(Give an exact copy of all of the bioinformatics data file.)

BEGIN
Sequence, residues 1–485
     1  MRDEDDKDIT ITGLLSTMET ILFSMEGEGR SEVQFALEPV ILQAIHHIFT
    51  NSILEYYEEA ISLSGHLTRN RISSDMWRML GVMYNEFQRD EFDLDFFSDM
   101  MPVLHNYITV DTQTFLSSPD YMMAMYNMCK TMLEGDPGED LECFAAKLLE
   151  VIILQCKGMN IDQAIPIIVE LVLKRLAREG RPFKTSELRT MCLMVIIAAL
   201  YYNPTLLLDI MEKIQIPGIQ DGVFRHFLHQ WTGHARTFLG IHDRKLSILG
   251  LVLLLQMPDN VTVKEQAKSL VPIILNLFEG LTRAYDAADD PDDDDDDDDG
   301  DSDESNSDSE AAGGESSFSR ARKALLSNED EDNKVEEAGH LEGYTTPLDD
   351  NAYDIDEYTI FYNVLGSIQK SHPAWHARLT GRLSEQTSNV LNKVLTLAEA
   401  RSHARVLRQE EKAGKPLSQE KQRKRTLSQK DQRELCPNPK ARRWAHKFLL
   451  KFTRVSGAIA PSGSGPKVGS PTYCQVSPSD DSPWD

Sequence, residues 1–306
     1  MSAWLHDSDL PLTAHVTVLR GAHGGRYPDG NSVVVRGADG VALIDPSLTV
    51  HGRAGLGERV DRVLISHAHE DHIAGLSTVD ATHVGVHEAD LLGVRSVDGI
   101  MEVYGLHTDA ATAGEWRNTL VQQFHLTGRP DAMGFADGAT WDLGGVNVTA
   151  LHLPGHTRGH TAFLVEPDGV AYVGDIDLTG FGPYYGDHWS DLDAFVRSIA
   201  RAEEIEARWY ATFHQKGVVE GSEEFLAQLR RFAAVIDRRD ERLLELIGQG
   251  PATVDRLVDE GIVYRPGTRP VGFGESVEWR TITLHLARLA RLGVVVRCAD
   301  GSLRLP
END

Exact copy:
Sequence, residues 1–485
     1  MRDEDDKDIT ITGLLSTMET ILFSMEGEGR SEVQFALEPV ILQAIHHIFT
    51  NSILEYYEEA ISLSGHLTRN RISSDMWRML GVMYNEFQRD EFDLDFFSDM
   101  MPVLHNYITV DTQTFLSSPD YMMAMYNMCK TMLEGDPGED LECFAAKLLE
   151  VIILQCKGMN IDQAIPIIVE LVLKRLAREG RPFKTSELRT MCLMVIIAAL
   201  YYNPTLLLDI MEKIQIPGIQ DGVFRHFLHQ WTGHARTFLG IHDRKLSILG
   251  LVLLLQMPDN VTVKEQAKSL VPIILNLFEG LTRAYDAADD PDDDDDDDDG
   301  DSDESNSDSE AAGGESSFSR ARKALLSNED EDNKVEEAGH LEGYTTPLDD
   351  NAYDIDEYTI FYNVLGSIQK SHPAWHARLT GRLSEQTSNV LNKVLTLAEA
   401  RSHARVLRQE EKAGKPLSQE KQRKRTLSQK DQRELCPNPK ARRWAHKFLL
   451  KFTRVSGAIA PSGSGPKVGS PTYCQVSPSD DSPWD

Sequence, residues 1–306
     1  MSAWLHDSDL PLTAHVTVLR GAHGGRYPDG NSVVVRGADG VALIDPSLTV
    51  HGRAGLGERV DRVLISHAHE DHIAGLSTVD ATHVGVHEAD LLGVRSVDGI
   101  MEVYGLHTDA ATAGEWRNTL VQQFHLTGRP DAMGFADGAT WDLGGVNVTA
   151  LHLPGHTRGH TAFLVEPDGV AYVGDIDLTG FGPYYGDHWS DLDAFVRSIA
   201  RAEEIEARWY ATFHQKGVVE GSEEFLAQLR RFAAVIDRRD ERLLELIGQG
   251  PATVDRLVDE GIVYRPGTRP VGFGESVEWR TITLHLARLA RLGVVVRCAD
   301  GSLRLP